google-site-verification: googleb943d61bcb9cdbf7.html

Why Do Applications Ask You Questions When The Resume Has All the Answers? | Job Search Radio

On this show, I explain what your part in this may be . . .and what their part is, too.



So why do online applications ask you to fill in particular fields?  Why did they ask you questions when your resume has all the answers?

Starts off with the fact that employers, particularly large ones, but actually any employer as government reporting requirements in order to ensure that they don't conduct themselves in a discriminatory manner.  It's not as though there is anything personalized about this, but the statistics show that they interview (I'm just picking numbers at random) 100 people from a diverse population (a non-white male population) and 100 people are rejected. The government has the opportunity to say, "Huh. That's interesting.  Let's explore more deeply."

In the US at least, government requires that firms maintain certain types of data.  Let's go beyond that.

When you upload a resume and the system attempts to parse it, your resume may not be in a format or in a type font that that is easily readable by the system.

Catch that one again.

This is your part of the equation.  It may not be easily readable or in a type font that is parsable by their system.  As a result, you have to fill in certain fields.  Whether it is name or address fields that the system is just not able to read, your email address, the system has a concern.

Some applicant tracking systems asked the county in which you live. I have no idea why they need this information when so many systems are set up so that they can search by a radius of a particular ZIP Code.  Some are ridiculous and will ask for the county.  I think a moron design the form I forgot that people are human and not your sheep.  That one has nothing to do with government reporting.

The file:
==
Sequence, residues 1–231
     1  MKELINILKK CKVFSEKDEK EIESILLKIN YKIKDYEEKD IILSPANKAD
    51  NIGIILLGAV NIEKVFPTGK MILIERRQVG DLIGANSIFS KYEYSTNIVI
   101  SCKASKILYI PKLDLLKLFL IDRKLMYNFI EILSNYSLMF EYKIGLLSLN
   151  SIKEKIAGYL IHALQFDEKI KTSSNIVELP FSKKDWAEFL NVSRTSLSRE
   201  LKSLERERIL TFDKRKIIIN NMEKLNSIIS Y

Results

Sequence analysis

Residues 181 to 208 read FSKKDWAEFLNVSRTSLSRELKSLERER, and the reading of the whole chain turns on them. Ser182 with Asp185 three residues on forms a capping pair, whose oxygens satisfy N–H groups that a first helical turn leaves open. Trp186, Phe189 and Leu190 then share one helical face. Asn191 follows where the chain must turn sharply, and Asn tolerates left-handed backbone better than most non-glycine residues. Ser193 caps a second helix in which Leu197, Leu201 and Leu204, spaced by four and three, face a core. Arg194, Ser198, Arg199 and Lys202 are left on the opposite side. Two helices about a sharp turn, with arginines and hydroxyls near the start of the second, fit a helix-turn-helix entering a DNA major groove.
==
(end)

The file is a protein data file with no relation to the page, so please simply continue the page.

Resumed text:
The real reasons are (#1) your resume was not readable.

2. They may be asking for ridiculous things like the example of the county which isn't going to be anywhere in your resume.  Without that city, state or ZIP Code field

3.  I think this is a valid one.  So many people are not including addresses, so there is no city, state or ZIP Code information on a resume.  They are giving just a name, email address and phone number when they submit the resume.  If a person is doing a search in her applicant tracking system for someone with a particular background, they are never going to find you.  Without that city, state and ZIP Code field, without a phone number or mobile number (Remember that area codes of the phone number don't necessarily correlate to where you live), how did they find you?

It's very possible that your lack of an address is causing the system to request this information so that they can find you again.

If you have a question about job hunting, email me at [email protected]. I can’t answer every question . . . but you knew that!

Do you think employers are trying to help you?

You already know you can’t trust recruiters—they tell as they think you need to know to take the job they after representing so they collect their payday.
The skills needed to find a job are different yet complement the skills needed to do a job.

Jeff Altman, The Big Game Hunter has been a career coach and recruiter for what seems like one hundred years. is there to change that with great advice for job hunters—videos, my books and guides to job hunting, podcasts, articles, PLUS a community for you to ask questions of PLUS the ability to ask me questions where I function as your ally with no conflict of interest answering your questions.

Connect with me on LinkedIn

Please give “Job Search Radio” a great review in iTunes. It helps other people discover the show and makes me happy!

%d bloggers like this: